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For Have-Not Fullerton, Having Its Own Stadium Is Vital : College football: Titans' facility nears groundbreaking, as sport's rich get richer.

August 30, 1990|MIKE DiGIOVANNA | TIMES STAFF WRITER

After years of planning, millions of dollars and nearly as many prayer candles lit by Coach Gene Murphy, Cal State Fullerton's on-campus football stadium is finally scheduled to open in the fall of 1992.

But will the Titans live to enjoy the comforts of a home stadium for long? Or will the City of Fullerton wind up with the finest soccer facility in Orange County?

"I would hate to think that multipurpose stadium won't be used for football," Murphy said of the Titan Sports Complex, scheduled for construction beginning this fall. "But that's a possibility."

Fullerton has survived for years in Division I-A despite having no on-campus stadium, meager facilities, a tiny budget and minimal fan support. The Titans ranked 105th out of 106 Division I-A teams in home attendance last season. No. 106 was Cal State Long Beach.

But vast changes are sweeping college football, and it's doubtful that Fullerton will get swept along in them. More likely, the Titans will be swept aside, or, possibly, under the rug.

The forming of what athletic directors are calling "super conferences"--the aligning of major football-playing schools for television revenue purposes--could threaten the Big West Conference's Division I-A status.

Perennial Big West power Fresno State, the only conference school that annually fulfills the NCAA's Division I-A attendance requirements, would be attractive to a super conference. Other possibilities might include San Jose State, with its strong program and large television market, and Nevada Las Vegas with its strong basketball program. If those three schools leave, as some have speculated, the Big West could find itself scrambling for its Division I-A life.

Fullerton's Division I-A future could depend on its ability to align itself with other Division I-A teams that don't become part of the super conference structure.

And much of its football future could depend on the financial and spectator impact of the sports complex and the mood of the school's faculty, which has questioned the viability of the football program.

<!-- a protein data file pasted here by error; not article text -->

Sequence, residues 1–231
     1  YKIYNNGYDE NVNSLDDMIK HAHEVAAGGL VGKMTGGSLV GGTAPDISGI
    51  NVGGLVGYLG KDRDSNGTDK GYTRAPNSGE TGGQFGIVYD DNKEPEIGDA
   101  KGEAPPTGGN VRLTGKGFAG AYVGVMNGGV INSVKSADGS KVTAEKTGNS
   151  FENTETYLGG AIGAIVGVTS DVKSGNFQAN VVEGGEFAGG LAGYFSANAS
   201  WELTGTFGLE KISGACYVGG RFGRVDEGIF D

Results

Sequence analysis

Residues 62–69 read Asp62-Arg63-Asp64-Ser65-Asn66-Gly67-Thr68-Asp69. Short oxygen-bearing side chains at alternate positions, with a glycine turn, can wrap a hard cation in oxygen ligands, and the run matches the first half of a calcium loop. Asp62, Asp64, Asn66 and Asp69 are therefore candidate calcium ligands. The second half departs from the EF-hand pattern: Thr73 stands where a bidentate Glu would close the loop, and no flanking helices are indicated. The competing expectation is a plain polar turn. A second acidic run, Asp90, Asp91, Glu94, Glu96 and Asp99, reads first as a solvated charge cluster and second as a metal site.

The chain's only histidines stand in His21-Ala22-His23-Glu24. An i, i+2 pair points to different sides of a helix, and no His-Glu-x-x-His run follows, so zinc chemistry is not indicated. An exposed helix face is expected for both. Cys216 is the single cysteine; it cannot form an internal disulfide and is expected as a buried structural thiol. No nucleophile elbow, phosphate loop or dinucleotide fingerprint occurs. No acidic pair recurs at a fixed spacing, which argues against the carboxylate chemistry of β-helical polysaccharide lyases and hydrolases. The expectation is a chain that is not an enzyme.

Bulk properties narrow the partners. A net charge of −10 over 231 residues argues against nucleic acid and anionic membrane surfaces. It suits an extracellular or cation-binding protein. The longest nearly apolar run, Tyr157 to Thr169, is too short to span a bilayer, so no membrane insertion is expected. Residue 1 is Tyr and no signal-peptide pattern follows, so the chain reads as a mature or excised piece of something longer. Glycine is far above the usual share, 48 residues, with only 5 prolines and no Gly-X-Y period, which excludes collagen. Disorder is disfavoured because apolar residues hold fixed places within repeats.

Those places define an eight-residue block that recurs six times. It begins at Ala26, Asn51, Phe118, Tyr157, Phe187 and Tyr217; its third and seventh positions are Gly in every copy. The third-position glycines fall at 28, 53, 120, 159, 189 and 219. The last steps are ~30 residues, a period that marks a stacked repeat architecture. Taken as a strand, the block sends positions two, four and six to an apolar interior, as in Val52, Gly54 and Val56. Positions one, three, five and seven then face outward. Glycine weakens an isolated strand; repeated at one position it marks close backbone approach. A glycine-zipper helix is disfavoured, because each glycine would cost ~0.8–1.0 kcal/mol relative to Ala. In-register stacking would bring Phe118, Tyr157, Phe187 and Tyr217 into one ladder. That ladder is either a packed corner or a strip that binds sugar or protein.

"Nobody has a crystal ball and there's uncertainty as to what's going to happen nationally," said Ed Carroll, Fullerton's athletic director. "I'm optimistic that these changes will work to our benefit, but that remains to be seen."

Notre Dame negotiated its own TV deal with NBC, Penn State is joining the Big Ten Conference, Arkansas is leaving the Southwest Conference for the Southeast Conference, Texas and Texas A&M pondered joining the Pac-Ten, and many believe Fresno State, and possibly San Jose State and UNLV, will look for greener pastures.

Many athletic directors doubt that the College Football Assn., a consortium of 64 major football-playing schools whose primary purpose is to negotiate television contracts, will exist beyond its present contract, which expires in 1995. Instead, super conferences will strike their own TV deals.

"Anyone who isn't in the upper echelon of our conference from the standpoint of TV attractability and home attendance is a little nervous about what's happening across the country," said Jim Haney, Big West Commissioner.

The upper echelon of Big West football consists of one team, Fresno State.

In order to remain a Division I-A conference, the NCAA states that 60% of the conference's schools (five in the Big West) must either:

--Have a 30,000-seat stadium and average 17,000 fans at home.

--Average 20,000 fans for all games.

--Meet these criteria once every four seasons.

If you take Fresno State, which ranked 56th among Division I-A schools in home attendance with a 34,100 average in 1989, out of the Big West the conference might have trouble meeting the criteria.

"The problem for schools like Fullerton and Long Beach is they're not meeting Division I-A criteria on their own, so they're dependent on the conference," Haney said. "Other than Fresno, everyone in our conference is experiencing hard times."

In the NCAA home-attendance rankings, Big West conference schools hold down the last four of 106 spots: Cal State Long Beach (2,650), Fullerton (3,741), University of the Pacific (5,540) and San Jose State (8,118).

New Mexico State ranked 100th with an average of 11,304, Utah State was 94th at 15,553 and Nevada Las Vegas was 92nd at 17,100.

Some have questioned whether Fullerton's place is in Division I-A football. The Titans certainly aren't a model I-A program.

Some say Fullerton should discontinue the sport because of bottom-of-the-barrel home attendance figures and the high cost of the program compared to its minimal revenue.

"Football has cost us millions of dollars that could have been used in academic programs," said Dr. Robert Feldman, a Fullerton professor and member of the Academic Senate.

Some also criticize a scheduling philosophy that has Fullerton playing road games it has virtually no chance of winning--Murphy calls them "body-bag games"--in exchange for large guarantee checks that help sustain the program.

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